Fortune has a great article on how Kimberly-Clark designed a new line of premium diapers, in part to cope with declining future demand due to demographic trends (lower birth rates). The article highlights two important practices that firms are employing these days. First, it points out the importance of ethnographic marketing research, i.e. direct observation of consumers in natural settings using a company's products. Firms are employing these observational methods, rather than relying solely on focus groups and surveys, because they have learned that people often say one thing and do another. Moreover, consumers often aren't even aware of key aspects of how they use particular products. Observation yields great insights about the specifics of consumer behavior. Here is an excerpt from the article on this point:
"In many cases they went into homes to do interviews; in others, they placed motion-activated cameras in the home to observe diaper-change routines and then watched the hours of footage at K-C headquarters... Nelson plays some footage of a newborn getting its diaper changed, taken from one of the videocameras. You see the baby's legs continually springing up and the mom trying to straighten them as she puts on the diaper; clearly it's a struggle. Footage like that started pushing the team in the direction of thinking that a better diaper would be shaped to get around those legs and follow the curves of a baby's body."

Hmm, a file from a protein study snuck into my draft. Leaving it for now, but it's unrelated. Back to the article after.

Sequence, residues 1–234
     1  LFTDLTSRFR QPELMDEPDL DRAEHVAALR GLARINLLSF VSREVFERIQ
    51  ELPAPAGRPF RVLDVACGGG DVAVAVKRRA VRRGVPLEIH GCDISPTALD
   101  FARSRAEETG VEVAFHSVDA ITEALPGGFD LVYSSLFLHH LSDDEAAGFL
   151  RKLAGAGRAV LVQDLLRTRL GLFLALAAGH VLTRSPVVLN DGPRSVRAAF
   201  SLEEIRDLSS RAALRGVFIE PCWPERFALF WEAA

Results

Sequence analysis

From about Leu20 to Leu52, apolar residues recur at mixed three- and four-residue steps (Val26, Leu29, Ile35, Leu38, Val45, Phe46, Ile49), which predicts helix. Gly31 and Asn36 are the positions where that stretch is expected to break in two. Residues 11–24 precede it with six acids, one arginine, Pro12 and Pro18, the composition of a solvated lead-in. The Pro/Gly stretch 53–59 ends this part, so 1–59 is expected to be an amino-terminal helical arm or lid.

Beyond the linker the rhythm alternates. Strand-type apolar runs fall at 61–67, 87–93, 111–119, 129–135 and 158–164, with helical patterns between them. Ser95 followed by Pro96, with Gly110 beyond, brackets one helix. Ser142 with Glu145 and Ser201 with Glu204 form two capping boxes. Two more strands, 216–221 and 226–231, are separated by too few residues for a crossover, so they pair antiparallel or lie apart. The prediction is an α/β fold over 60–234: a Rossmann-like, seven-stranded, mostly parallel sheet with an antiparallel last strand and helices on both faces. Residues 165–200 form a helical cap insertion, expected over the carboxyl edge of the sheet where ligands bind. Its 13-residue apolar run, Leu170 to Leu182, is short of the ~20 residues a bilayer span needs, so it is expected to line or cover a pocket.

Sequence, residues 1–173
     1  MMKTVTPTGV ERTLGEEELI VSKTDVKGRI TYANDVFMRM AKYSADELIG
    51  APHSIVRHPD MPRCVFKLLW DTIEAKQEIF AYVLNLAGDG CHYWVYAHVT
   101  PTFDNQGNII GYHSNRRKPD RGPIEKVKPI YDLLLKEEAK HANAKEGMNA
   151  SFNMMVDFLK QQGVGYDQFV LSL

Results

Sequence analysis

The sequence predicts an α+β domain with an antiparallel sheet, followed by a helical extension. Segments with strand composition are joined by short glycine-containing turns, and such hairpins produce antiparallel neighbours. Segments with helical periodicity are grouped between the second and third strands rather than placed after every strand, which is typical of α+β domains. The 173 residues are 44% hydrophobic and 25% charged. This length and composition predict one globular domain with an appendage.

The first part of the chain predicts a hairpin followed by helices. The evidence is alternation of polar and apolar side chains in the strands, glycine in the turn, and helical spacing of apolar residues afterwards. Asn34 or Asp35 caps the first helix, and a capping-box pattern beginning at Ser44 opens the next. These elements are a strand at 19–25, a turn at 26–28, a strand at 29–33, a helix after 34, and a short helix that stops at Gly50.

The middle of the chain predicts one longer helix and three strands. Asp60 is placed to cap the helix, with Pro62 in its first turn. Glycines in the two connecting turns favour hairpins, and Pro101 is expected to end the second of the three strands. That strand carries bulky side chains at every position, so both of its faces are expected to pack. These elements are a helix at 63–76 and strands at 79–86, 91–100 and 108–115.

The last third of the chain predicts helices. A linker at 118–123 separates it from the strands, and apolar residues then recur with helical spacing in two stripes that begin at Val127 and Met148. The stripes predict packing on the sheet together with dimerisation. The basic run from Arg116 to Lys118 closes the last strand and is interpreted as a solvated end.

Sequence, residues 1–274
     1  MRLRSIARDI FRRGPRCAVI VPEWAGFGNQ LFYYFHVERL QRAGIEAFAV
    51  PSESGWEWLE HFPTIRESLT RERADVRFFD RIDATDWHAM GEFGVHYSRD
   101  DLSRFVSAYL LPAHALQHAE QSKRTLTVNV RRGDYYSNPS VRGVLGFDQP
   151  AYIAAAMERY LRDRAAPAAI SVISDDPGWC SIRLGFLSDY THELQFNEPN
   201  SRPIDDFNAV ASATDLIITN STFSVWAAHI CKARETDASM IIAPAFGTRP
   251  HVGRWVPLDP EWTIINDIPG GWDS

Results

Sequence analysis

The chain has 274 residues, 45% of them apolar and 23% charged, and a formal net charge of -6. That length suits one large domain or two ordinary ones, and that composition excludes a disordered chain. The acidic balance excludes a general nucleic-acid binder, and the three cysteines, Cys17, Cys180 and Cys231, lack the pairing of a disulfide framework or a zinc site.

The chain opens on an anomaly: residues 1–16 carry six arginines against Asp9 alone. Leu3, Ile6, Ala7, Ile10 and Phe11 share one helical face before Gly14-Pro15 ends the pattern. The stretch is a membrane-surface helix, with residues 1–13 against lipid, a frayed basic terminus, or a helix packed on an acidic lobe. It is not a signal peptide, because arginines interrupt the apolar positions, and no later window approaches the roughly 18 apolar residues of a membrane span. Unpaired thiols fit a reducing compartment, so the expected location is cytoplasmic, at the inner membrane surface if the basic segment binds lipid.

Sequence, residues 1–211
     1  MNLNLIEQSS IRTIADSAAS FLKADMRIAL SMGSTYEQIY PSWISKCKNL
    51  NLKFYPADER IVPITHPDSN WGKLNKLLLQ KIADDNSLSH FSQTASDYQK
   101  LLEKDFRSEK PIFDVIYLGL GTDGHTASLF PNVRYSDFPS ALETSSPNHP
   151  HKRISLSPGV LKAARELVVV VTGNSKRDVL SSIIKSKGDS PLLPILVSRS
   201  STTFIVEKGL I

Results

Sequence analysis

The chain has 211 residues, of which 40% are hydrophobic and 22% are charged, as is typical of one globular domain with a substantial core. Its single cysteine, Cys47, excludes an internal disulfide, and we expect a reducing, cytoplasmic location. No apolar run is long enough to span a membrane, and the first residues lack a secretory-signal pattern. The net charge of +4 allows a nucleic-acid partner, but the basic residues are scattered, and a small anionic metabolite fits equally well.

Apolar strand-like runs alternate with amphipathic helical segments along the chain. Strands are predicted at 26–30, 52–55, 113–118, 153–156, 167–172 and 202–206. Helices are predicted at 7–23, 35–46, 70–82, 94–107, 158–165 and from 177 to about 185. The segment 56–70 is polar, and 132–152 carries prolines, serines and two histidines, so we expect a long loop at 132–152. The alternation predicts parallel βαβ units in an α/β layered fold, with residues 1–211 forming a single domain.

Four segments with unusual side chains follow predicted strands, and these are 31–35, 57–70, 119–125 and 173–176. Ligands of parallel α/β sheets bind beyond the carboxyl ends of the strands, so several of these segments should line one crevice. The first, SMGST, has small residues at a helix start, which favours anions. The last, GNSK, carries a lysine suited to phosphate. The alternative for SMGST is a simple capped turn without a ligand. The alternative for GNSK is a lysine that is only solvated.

The second key point in this article is that Kimberly-Clark is intentionally creating failures in their research labs to learn more about diaper technology. Only through intentionally causing many types of diaper leaks can they discover how to create a diaper that fits comfortably, yet does not leak. Here is the excerpt on that point:
"Fit diapers in varying states of sagginess, are noisily playing with trucks and watching SpongeBob SquarePants. They're an adorable collection of diaper blowouts about to happen, and when they finally do, K-C's researchers record each failure in obsessive detail: how much the diaper weighed at the end, where the leak seeped out, how the diaper fit around the legs.
The goal of this forced-failure test, as Kimberly-Clark calls it, is to check that the diapers being churned out at the company's factories match the rigorous standards for Huggies Supreme Natural Fit..."
As the father of three, with one still in diapers, I found the article quite interesting. It's rather amazing how much time and money is spent trying to perfect diaper "technology" at Kimberly-Clark.